UK’s competition watchdog has confirmed its plans to probe into the proposed merger of two supermarket majors in the UK – Sainsbury’s and Asda.
The firm has sought comments on the transaction from all the interested parties.
Competition and Market Authority (CMA) plans to investigate whether the proposed merger could lead to market monopoly in the UK for goods or services.
In April, the two supermarkets announced their plan to merge, however, this announcement has led to some concerns from regulatory authorities and politicians.
According to CMA, its invitation seeking comments is the initial phase of the information-collecting process before launching a probe.
In the weeks to come, the watchdog is likely to be in touch with suppliers, competitors, industry bodies and consumer organisations.
The watchdog has kept 4 June as its deadline for its initial information-collecting process.
Once the first phase of the formal investigation is complete, the watchdog will decide if it needs to move to phase two of the probe.
Labour MP and chair of the Business, Energy and Industrial Strategy committee Rachel Reeves said: “The CMA is right to investigate this potential merger between two powerful supermarket players. It’s vital that the CMA examines closely the impact on consumer choice and jobs.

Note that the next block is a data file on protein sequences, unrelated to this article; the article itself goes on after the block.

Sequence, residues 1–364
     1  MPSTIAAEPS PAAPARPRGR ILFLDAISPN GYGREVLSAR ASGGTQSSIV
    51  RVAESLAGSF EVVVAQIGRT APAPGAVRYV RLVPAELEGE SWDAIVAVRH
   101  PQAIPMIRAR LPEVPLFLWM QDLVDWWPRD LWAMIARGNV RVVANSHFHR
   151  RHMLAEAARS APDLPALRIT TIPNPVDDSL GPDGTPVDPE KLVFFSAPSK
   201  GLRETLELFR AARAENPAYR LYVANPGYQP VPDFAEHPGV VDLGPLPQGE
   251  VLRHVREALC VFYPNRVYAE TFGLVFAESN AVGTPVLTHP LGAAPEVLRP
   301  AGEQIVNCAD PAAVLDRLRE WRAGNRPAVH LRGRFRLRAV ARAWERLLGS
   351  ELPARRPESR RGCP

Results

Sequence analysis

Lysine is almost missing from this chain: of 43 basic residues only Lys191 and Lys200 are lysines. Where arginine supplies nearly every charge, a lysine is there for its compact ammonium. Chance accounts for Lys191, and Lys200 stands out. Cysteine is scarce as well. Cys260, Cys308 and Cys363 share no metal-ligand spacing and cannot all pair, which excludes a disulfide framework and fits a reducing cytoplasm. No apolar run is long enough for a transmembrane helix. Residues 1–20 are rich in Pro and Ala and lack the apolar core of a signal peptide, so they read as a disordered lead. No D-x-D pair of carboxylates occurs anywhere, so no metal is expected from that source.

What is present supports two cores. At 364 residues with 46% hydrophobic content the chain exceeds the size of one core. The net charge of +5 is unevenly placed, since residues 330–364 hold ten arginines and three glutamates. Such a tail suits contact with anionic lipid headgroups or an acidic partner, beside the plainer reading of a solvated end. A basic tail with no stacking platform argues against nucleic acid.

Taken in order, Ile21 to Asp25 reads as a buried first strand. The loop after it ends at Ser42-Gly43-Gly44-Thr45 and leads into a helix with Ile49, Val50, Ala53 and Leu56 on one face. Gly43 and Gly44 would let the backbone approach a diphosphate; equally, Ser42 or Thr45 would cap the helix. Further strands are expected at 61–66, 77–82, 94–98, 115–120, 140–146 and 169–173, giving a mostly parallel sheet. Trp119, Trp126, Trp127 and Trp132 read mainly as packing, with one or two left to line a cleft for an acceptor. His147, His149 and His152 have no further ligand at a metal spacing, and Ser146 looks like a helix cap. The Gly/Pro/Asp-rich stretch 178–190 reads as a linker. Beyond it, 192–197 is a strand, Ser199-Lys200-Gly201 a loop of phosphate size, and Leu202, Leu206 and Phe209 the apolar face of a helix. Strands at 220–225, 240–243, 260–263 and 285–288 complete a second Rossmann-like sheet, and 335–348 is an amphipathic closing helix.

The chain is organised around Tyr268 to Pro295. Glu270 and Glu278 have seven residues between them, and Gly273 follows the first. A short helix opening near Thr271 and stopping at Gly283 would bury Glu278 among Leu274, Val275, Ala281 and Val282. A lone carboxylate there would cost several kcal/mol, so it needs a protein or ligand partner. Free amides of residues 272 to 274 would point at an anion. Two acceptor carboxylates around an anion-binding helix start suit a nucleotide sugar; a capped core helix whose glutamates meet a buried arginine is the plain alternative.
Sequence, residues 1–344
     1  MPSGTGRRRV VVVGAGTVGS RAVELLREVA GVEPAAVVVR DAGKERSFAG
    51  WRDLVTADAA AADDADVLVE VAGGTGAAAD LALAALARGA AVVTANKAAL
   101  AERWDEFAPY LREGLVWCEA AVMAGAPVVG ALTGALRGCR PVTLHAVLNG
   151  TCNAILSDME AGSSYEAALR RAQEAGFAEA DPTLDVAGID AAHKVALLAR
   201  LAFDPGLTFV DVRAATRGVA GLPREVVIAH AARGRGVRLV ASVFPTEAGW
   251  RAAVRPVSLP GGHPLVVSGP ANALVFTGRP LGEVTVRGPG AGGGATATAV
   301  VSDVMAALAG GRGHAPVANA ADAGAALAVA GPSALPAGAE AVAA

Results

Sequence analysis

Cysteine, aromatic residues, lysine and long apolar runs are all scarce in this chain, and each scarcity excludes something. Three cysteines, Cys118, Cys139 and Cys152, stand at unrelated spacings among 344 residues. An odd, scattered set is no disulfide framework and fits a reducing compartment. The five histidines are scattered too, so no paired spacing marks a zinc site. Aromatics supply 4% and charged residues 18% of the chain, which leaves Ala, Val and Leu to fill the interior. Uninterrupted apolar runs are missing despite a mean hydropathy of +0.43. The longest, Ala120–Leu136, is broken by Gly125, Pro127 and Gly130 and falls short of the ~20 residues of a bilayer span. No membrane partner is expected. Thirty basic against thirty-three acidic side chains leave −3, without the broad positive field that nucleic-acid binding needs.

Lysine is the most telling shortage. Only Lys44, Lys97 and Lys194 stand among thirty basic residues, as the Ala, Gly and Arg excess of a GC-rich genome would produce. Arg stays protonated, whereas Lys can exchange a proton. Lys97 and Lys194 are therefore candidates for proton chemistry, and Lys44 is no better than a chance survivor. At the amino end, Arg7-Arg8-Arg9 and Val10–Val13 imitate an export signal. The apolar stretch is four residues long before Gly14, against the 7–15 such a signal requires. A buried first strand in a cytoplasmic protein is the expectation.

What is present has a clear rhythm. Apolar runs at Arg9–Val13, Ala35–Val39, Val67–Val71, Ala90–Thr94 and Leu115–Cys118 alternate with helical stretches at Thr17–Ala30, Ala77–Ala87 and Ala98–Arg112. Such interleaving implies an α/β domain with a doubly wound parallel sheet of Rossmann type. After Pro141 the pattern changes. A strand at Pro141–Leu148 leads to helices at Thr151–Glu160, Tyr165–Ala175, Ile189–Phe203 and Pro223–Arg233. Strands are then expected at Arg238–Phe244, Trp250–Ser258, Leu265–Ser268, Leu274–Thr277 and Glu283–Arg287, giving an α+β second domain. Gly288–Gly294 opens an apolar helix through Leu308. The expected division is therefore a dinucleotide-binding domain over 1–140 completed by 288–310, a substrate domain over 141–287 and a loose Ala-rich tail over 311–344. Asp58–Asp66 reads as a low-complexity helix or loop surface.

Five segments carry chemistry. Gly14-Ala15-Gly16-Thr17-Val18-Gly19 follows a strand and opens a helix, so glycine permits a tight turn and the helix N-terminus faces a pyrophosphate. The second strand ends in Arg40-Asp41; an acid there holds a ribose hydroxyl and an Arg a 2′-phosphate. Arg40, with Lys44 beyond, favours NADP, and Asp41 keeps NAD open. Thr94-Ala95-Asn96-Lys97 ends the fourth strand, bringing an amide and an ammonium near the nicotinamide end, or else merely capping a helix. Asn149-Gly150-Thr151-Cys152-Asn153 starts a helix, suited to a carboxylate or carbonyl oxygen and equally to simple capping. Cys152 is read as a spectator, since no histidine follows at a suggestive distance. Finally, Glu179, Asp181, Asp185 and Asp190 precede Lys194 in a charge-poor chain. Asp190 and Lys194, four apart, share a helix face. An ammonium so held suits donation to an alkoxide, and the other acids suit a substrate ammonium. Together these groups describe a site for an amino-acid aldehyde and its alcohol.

“It’s also important that the effects on the supply chain are looked at as small suppliers to supermarkets are already under pressure on prices.”
Leeds-based Asda is valued at around £7.3bn and US owner Walmart paid £3bn to buy 42% interest in the merged entity.
The deal is not expected to see any store closures and is likely to lead to operational savings of £500m.
According to the firms, customers will benefit from the deal as there would be price cuts of 10% on many of the products that are regularly purchased.
The companies plan to maintain both the brands post-transaction.